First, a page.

Assessment with a difference
A graded music exam isn’t always the best option for players or singers, which is where our Performance Assessment comes in, as Rhian Morgan finds out. Think of someone taking an ABRSM exam... what do you imagine? A slightly nervous small child, clutching their music? A flamboyant teenager ready to wow the examiner? The first image to come to mind is probably not a recently widowed 80-year-old woman, ready to play her Grade 8 pieces. But this candidate, who once performed for examiner Colin Walker, was not taking the traditional ABRSM exam, but a Performance Assessment.
ABRSM introduced the Performance Assessment more than 30 years ago to give musicians the chance to choose their own repertoire and be assessed by a professional musician, without the pressure sometimes associated with public performance or exams. There is no pass or fail to worry about and no marks are awarded, just constructive comments on the performance written by the examiner onto a certificate that the candidate receives at the end of the assessment. Originally aimed at children with specific needs or adults, the Performance Assessment is now open to players and singers of all ages performing classical or jazz music.
What makes this assessment so special?
Examiner Colin Walker, a pianist and trombonist, says that for him one of the great pleasures of examining is meeting candidates and making them feel welcome. ‘One of the most special moments in my examining career was when this older lady came in and sat at the piano. What she said still moves me to this day. ‘She explained that her husband had recently died and she felt little purpose in her life any more. Piano playing was now one of the few things which gave her comfort and solace. She had entered for Grade 8 but had lost the confidence to take the exam itself. What she did want to do was share the pieces she had been working on with someone – so she chose the Performance Assessment instead.’
Many people want a goal for their learning... the Performance Assessment has been perfect.
Colin felt privileged to be in the exam room that day, listening to pieces which clearly meant so much to the performer. ‘I did everything in my power to write a certificate which would encourage her to play for many years to come,’ he adds. And the Performance Assessment experience – with its special interaction between examiner and performer – is something enjoyed by the many children and adults who take the assessment each year.
Who takes the Performance Assessment?
For adults who haven’t performed for a long time, for teachers who spend more time teaching than performing and for musicians of any age who just want to perform their pieces or songs, the Performance Assessment offers the opportunity to play in front of a professional musician and to receive a certificate giving helpful comments, encouragement and insight. Nicola Clapp, a piano teacher in Exeter, has Dyspraxia. She has a music degree and plays the piano, but says: ‘I struggled so much with the practical side of music, I lost interest and gave up for a while.’ However, she has recently completed Performance Assessments in Piano, Violin, Flute and Recorder. ‘I found them to be hugely beneficial to my life as a musician. As I have Dyspraxia the graded exam materials can be a bit tricky for me. But this way, I get to choose the pieces and they can be of differing levels or styles, which you can’t necessarily have in a normal graded exam.’ Wes Ramsay, teacher and ABRSM Representative in Kentucky, USA, found the Performance Assessment useful before his own Dip ABRSM and LRSM diploma exams. ‘It’s truly an effective approach and one we use to shepherd our own diploma candidates through the process,’ he says. ‘We tell our candidates to explain to the examiner why they are taking the assessment and where they are in their progress. The examiners helpfully respond by listening with a view towards diploma standards.’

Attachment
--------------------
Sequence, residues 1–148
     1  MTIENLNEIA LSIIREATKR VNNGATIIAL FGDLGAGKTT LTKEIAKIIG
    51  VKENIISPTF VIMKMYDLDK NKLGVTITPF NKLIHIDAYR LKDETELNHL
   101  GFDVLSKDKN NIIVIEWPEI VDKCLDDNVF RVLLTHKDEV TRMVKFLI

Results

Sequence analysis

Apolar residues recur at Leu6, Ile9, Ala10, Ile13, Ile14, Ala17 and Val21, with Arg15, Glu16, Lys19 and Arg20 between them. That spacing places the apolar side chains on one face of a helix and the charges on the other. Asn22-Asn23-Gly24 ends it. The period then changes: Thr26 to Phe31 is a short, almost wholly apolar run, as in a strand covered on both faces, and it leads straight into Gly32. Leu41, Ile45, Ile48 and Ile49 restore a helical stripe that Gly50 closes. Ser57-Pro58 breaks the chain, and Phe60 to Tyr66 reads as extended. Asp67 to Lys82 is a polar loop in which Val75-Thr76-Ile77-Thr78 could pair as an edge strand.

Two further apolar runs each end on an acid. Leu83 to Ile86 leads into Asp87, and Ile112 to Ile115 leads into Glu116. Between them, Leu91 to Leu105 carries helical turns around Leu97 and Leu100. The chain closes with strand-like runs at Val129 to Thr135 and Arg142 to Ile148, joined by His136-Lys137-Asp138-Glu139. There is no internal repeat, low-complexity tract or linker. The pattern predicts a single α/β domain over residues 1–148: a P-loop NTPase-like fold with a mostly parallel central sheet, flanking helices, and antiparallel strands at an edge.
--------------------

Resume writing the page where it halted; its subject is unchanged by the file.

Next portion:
One of the greatest pleasures of examining is meeting candidates and making them feel welcome.
Catherine Burchell, a piano and violin teacher from Sheffield, is particularly interested in helping pupils with SEN challenges. She herself has taken two Performance Assessments. They have made her ‘much more conscious of what my pupils go through when preparing for exams. ‘I had to try out for myself the performance preparation tactics that I’m always recommending to my pupils... play your pieces on as many different pianos as you can, play for someone else other than just your mum, peg the music higher up on the music stand just in case it’s a grand piano on the day. It made me realise I need to practise what I preach!’ Linda Pegrum, a piano teacher from Tring in Hertfordshire, works in schools and privately with a very diverse group of 65 learners, aged from 5 to 72. ‘I use the Performance Assessment a lot,’ she says. ‘It’s been a wonderful opportunity for each student to build confidence without a fail fear and learn from the experience of performance, with a written critique to take away. ‘Many people want to have a goal with their learning and the Performance Assessment has been perfect for them to gain confidence in a formal setting, to rise to the challenge of a performance and be left with a positive memory of the occasion.’
About the Performance Assessment
- Now open to musicians of all ages and levels
- Free choice of repertoire with a maximum 15-minute programme
- No scales, sight-reading or aural tests
- Objective, independent evaluation with no pass or fail
- Written report provided on the day
- Available for all ABRSM classical and jazz subjects
You can find further information at www.abrsm.org/performanceassessment.
This article was originally featured in the September 2015 edition of Libretto, ABRSM's magazine.
Rhian Morgan is a freelance writer with a special interest in music and education.